SINGAPORE – A rash of website hackings in the Asia-Pacific region has exposed weak cyberdefenses that must be improved to help the area deal with more sophisticated and sinister threats, particularly from criminal organizations, analysts said.
Hackers claiming to be from the global activist group Anonymous compromised several government and commercial websites in Australia, the Philippines and Singapore recently, and vowed to mount wider attacks.
In the latest incident, Anonymous hackers Thursday hijacked a section of Singaporean Prime Minister Lee Hsien Loong’s official website, just a day after he vowed to “spare no effort” to hunt down anyone who attacks the regional financial center’s technological network.
Cloud computing, the proliferation of mobile devices and the increasing use of social media have allowed an escalating volume of data to flow through multiple channels, giving hackers a wider field to ply their trade, analysts said.
They warned that Anonymous, which carries out attacks to highlight issues such as Internet freedom and corruption, is just one of the groups involved, and others with a more sinister agenda could inflict serious damage.
“The more sophisticated group that government and business should fear are the cybercriminal organizations who have much greater resources at their disposal,” said Tan Shong Ye, information technology risk and cybersecurity leader at global business consultancy PricewaterhouseCoopers (PwC).
Their targets could be valuable intellectual property and critical infrastructure, including military and state secrets, Tan said.
Shadowy hackers who have long targeted the West are turning their sights on Asia’s fast-growing economies.
“As countries become wealthier, they have more assets and therefore are more likely to become targets,” said Nina Laven, director for economics and country risk at consultancy group IHS.
“We will likely see the region attracting more attacks,” Laven said.
Southeast Asia and the wider Asia-Pacific region “are growing in significance in terms of cybersecurity issues” as Internet usage becomes more pervasive, said Caitriona Heinl, a cybersecurity specialist at the S. Rajaratnam School of International Studies (RSIS) in Singapore.
“These increasing levels of connectivity are raising the probabilities of cross-border cyber-related threats such as transnational cybercrime,” she said.
Research firm Euromonitor said there were more than 389 million smartphones and nearly 30 million tablets and other portable computers in the Asia-Pacific region in 2013.
Mobile Internet subscriptions alone reached more than 712 million, it said.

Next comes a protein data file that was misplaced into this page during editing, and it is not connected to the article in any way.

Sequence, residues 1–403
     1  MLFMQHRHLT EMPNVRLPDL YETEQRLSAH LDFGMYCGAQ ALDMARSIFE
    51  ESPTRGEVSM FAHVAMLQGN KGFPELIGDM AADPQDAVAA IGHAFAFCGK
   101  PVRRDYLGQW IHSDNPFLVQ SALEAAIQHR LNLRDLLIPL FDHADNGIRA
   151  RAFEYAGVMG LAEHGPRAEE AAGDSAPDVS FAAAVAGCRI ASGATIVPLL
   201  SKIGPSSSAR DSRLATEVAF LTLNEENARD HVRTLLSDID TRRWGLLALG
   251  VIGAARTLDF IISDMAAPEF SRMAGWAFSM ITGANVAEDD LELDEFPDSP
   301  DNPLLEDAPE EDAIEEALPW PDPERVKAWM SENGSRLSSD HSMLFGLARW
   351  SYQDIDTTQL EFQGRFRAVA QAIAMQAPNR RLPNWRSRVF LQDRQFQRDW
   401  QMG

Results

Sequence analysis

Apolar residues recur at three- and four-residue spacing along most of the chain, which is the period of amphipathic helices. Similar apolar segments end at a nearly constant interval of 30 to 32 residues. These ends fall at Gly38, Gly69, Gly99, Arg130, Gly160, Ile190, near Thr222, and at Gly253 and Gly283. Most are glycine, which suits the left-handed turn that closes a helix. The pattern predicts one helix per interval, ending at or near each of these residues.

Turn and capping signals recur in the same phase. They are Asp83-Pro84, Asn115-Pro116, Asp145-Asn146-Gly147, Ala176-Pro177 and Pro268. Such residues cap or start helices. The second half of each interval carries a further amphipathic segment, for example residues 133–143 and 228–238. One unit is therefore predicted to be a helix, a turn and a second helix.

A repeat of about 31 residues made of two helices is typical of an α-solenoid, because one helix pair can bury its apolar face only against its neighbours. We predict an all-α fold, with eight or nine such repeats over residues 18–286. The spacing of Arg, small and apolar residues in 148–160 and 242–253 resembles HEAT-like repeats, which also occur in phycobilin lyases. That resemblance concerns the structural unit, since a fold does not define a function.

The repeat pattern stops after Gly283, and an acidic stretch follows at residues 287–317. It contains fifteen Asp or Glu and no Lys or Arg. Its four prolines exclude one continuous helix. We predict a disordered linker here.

Governments and businesses are moving to protect their networks, but hackers, in many instances, are a step ahead.
“While information security risks have dramatically evolved, security strategies . . . have not kept pace,” PwC said in its Global State of Information Security Survey released worldwide in September.
“In other words, most organizations are now defending yesterday, even as their adversaries look to exploit the vulnerabilities of tomorrow.” Most Asian countries have implemented some level of cybersecurity protection by having computer emergency response teams to deal with online attacks, Tan of PwC said.
However, “more needs to be done in the form of investments as well as attention,” he said, citing PwC’s survey showing that the number of security incidents detected worldwide in the past 12 months rose by 25 percent and average losses climbed 18 percent from the previous year.
Asian businesses in general “are still not investing enough in cybersecurity,” Tan added, noting that companies usually invest after they encounter a serious attack.
China, the world’s second biggest economy, and Russia are “showing solid progress” in deploying cybersecurity safeguards while India is playing catch-up, Tan added.
“China’s Internet infrastructure is in fact more heavily guarded than others, thanks to the state’s role in the ‘Big firewall’ of China,” he said.
Laven of IHS stressed that international cooperation is key to fighting cyberattacks.
“Cybersecurity is a cross-border issue. Governments can invest in prediction, detection and recovery, but a lack of alignment between countries leads to security weaknesses that no one government can address,” she said.
Criminal groups could attack well-protected countries from overseas locations with weaker online safeguards, Laven said.
“Until governments can find ways to work together on preventing cybercrime — through penalties, incentives, or funding technical solutions that can be deployed across borders — international attackers will always be able to find weaknesses to exploit,” she said.
Heinl of RSIS said that so far, “national and regional efforts to adopt comprehensive cybersecurity strategies have been somewhat slow and fragmented.”